“ Meow” means “woof” in cat.”

 ~ George Carlin

Have you ever contemplated the idea that you live in a bubble? Or thought about the fact that your eyes have lids but your ears don’t? What the heck am I talking about anyway?

Well, here’s another riddle. What’s the one thing that a fish knows nothing about? (Well, we can only make assumptions about what’s going on inside a fish’s brain, but for the sake of the thought experiment lets continue.)

The answer, of course, is water. We can imagine that a fish takes for granted the environment in which he swims. And so, too, do we humans. We’re all breathing air and using our five senses at every waking moment, but the real environmental atmosphere that we inhabit is the one our culture provides, that being language.

What happens when you’re out in public, walking around town, eating at a restaurant, or riding transit? You overhear snippets of conversation, from random words here and there to entire embarrassing anecdotes. Unwitting strangers chatting with friends or blithely babbling into their cell phones broadcast their words into every ear within earshot.

We take it for granted. Sometimes we can tune it out, but more often than not words find our ears like rain falling on a tin roof. We don’t even think about it, it’s like the water we swim in, not worth a second thought.

As long as we’re in the company of other folks who speak the same language we’re like the fish who has no reason to think about water. What happens when you leave your home environment and step into another culture? That’s when you realize that language is a some sort of a bubble.

Language is a universal constant in every culture, we humans depend upon it for our very survival. If you’re an American sitting in a restaurant in the United States, you can’t help but hear bits and pieces of the conversations going on around you.

But as soon as you set foot in another country where the language is unfamiliar, you find yourself in your own bubble where the only familiar words are the ones bouncing around between your ears. The burble of conversation around you washes over your ears like a verbal massage, just texture and atmosphere with little meaning or content.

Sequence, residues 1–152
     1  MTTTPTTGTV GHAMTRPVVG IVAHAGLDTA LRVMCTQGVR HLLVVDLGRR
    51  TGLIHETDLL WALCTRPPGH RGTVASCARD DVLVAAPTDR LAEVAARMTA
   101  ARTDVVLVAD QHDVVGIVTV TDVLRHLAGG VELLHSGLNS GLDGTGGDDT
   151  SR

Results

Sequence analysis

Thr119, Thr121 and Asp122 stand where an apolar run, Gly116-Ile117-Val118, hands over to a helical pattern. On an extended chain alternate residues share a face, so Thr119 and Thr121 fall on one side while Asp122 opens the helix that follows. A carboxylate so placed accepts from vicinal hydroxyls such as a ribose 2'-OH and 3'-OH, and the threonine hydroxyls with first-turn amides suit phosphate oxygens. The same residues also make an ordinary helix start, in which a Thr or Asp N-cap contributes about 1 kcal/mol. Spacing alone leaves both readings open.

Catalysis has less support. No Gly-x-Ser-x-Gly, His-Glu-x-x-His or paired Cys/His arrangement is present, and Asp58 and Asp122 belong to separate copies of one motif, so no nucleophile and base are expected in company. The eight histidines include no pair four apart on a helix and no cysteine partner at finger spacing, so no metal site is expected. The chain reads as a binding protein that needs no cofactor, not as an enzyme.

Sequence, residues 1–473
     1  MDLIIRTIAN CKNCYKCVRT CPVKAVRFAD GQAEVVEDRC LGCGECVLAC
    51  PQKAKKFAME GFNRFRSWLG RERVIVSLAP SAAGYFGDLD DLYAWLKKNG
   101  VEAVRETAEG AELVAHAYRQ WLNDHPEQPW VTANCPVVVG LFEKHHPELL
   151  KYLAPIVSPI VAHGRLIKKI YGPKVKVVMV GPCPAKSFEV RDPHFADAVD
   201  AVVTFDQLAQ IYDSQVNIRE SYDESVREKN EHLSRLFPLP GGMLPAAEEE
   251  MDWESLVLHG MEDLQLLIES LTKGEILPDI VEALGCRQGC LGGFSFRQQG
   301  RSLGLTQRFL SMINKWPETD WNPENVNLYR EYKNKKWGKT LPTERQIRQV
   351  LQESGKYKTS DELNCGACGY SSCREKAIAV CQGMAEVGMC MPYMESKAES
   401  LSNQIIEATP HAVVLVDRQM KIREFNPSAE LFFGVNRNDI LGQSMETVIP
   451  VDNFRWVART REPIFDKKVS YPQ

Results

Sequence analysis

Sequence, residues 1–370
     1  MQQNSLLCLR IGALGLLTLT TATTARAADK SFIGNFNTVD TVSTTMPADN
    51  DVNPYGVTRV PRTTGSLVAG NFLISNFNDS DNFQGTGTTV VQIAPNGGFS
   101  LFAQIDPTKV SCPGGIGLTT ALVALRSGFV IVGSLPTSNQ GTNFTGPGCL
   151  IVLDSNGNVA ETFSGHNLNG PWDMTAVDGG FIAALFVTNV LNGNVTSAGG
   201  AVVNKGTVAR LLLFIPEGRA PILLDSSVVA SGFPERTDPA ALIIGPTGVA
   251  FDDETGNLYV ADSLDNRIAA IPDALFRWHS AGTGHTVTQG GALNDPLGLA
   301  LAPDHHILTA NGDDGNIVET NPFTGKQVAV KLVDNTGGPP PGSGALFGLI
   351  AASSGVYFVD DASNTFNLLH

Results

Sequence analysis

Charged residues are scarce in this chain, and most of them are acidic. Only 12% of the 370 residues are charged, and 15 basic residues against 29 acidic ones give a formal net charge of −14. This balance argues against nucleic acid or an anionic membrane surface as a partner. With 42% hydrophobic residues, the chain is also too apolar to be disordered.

Until… that moment when an English speaking person opens their mouth and their words cut through the atmosphere like a well-aimed arrow. Your bubble bursts. That’s the moment you realize that you’re in one.

Could this be the reason so many writers and other creative types produce their best work in far-away countries? It’s one thing to sit down to write at your local coffee shop, another thing entirely to slip into the burble of babble of a foreign tongue.

Ask any ex-pat that’s lived in a land of a different language for long. They may have learned the new language quite well, but chances are that unless they are consciously tuning their ears in to ‘translation-mode’ most of what they might overhear is an auditory blur.

It’s when you’re adrift in the sea of a foreign language that the ‘bubble’ metaphor becomes real. You’re alone with your thoughts, your internal dialog perfectly understandable to you. You get used to the sound of the conversations around you, blissfully detached from meaning.

For folks in the USA, (or anywhere, really), this entire line of thinking is a good reason for travel. Better yet, for long stays immersed in other cultures. Because at the end of the day, this is all about consciousness-raising.

Dancing at the edge of your bubble is a great way to expand your awareness and get more perspective on your native culture and place in the world. People who make the effort to travel and experience other ways of life are enriched in invaluable ways.

Learn more about the ‘water’ you swim in. Step out of it every once in a while!

May your eyes be on the horizon and your feet on the ground!

Much love till next Monday.


Mark Metz
Director of the Dance First Association
Publisher of Conscious Dancer Magazine